9 May 2000 Automatic recovery of invisible image watermarks from geometrically distorted images
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One method of attacking an imbedded invisible watermark is to create a derivative image that is geometrically distorted relative to the original. One attack, developed at Cambridge University, is called 'StirMark.' Image-distorting methods modify images so subtly that the changes are essentially unnoticeable to a viewer. However, their effect on invisible watermarks can be devastating, rendering them unextractable. In this paper, an automated countermeasure to image-distorting attacks will be described. Employing an unmarked copy of the original image as a reference, the possible distortion in a suspect image is first detected by the method, then measured, and finally reversed, producing a restored image approximately geometrically aligned with the original. Using a robust invisible watermarking method presented previously by one of the authors to produce a watermarked image, 'StirMark' to distort the watermarked image, and a copy of the original unmarked image for reference, the restoration method is demonstrated to be sufficient by showing successful extraction of the imbedded watermark from a restored image.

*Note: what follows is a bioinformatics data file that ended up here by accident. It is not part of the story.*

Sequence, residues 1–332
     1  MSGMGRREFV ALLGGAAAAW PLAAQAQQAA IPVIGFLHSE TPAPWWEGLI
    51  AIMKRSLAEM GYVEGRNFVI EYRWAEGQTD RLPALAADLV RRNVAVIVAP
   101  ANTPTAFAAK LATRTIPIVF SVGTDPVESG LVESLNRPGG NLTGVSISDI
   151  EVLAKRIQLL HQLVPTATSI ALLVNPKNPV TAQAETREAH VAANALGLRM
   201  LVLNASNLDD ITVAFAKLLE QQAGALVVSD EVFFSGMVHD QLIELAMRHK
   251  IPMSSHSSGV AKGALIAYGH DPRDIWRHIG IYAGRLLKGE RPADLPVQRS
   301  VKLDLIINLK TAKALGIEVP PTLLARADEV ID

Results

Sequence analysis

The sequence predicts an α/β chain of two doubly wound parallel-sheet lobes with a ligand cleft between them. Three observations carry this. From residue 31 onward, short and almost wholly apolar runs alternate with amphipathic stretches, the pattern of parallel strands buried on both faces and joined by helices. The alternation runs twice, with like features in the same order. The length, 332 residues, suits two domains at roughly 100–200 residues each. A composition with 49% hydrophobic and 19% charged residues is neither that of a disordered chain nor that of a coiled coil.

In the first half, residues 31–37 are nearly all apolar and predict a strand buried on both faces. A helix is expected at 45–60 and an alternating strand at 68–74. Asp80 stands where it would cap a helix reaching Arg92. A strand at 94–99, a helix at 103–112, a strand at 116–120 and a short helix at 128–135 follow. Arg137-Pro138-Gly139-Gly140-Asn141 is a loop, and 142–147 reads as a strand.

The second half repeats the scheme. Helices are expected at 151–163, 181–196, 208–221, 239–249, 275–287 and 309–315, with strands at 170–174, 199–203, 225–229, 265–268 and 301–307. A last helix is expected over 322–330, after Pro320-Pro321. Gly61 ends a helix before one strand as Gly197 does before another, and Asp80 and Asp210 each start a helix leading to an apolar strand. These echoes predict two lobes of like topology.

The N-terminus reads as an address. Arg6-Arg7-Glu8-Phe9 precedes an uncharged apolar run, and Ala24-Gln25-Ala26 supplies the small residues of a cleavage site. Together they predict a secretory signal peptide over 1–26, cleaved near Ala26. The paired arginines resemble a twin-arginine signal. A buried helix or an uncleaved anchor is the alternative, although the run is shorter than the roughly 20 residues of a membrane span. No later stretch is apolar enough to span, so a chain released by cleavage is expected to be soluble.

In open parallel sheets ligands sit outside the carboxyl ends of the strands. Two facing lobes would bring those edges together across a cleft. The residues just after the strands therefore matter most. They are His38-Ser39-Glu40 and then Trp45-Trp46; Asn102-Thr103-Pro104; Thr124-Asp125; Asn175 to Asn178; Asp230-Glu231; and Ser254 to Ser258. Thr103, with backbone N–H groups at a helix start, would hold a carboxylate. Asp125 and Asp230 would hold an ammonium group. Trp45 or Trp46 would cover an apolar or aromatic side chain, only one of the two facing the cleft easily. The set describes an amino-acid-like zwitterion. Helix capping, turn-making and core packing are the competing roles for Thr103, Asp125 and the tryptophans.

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Gordon W. Braudaway, Gordon W. Braudaway, Frederick C. Mintzer, Frederick C. Mintzer, "Automatic recovery of invisible image watermarks from geometrically distorted images", Proc. SPIE 3971, Security and Watermarking of Multimedia Contents II, (9 May 2000); doi: 10.1117/12.385010; https://doi.org/10.1117/12.385010


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